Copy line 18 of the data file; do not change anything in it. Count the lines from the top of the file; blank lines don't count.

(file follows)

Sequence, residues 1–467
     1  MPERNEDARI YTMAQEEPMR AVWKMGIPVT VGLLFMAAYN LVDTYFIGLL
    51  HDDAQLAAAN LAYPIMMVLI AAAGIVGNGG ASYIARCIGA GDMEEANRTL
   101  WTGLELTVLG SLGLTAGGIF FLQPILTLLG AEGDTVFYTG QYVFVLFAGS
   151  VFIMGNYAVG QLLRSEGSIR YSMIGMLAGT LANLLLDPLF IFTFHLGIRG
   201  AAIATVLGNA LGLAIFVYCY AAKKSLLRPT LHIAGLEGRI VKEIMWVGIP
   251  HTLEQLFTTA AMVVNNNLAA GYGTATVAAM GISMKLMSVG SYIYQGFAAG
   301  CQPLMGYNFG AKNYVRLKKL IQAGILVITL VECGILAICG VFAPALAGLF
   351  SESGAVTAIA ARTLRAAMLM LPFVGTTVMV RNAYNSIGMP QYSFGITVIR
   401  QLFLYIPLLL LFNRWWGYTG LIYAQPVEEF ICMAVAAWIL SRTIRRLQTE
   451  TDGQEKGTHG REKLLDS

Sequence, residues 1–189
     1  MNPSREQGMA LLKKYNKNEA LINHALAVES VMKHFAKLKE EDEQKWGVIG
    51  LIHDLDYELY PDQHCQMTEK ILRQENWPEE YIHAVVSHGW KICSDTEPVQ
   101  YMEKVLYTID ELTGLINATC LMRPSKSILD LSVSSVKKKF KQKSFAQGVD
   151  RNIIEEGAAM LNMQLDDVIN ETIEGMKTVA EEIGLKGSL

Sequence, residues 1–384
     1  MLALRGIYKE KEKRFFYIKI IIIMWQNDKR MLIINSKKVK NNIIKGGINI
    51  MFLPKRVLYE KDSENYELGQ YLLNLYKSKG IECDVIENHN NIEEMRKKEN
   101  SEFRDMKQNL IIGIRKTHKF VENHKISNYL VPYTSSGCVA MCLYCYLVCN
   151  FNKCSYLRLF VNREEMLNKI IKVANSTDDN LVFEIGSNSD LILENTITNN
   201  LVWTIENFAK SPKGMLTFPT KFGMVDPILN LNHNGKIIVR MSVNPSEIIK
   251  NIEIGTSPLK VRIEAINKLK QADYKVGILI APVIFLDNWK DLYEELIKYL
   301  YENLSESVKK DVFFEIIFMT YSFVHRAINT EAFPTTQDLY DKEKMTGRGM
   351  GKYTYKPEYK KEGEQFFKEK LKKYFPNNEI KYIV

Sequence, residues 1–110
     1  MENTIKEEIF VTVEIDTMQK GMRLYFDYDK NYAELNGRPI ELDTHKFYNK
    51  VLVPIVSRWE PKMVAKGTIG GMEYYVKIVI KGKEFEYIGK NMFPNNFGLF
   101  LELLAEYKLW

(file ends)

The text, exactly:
     1  MLALRGIYKE KEKRFFYIKI IIIMWQNDKR MLIINSKKVK NNIIKGGINI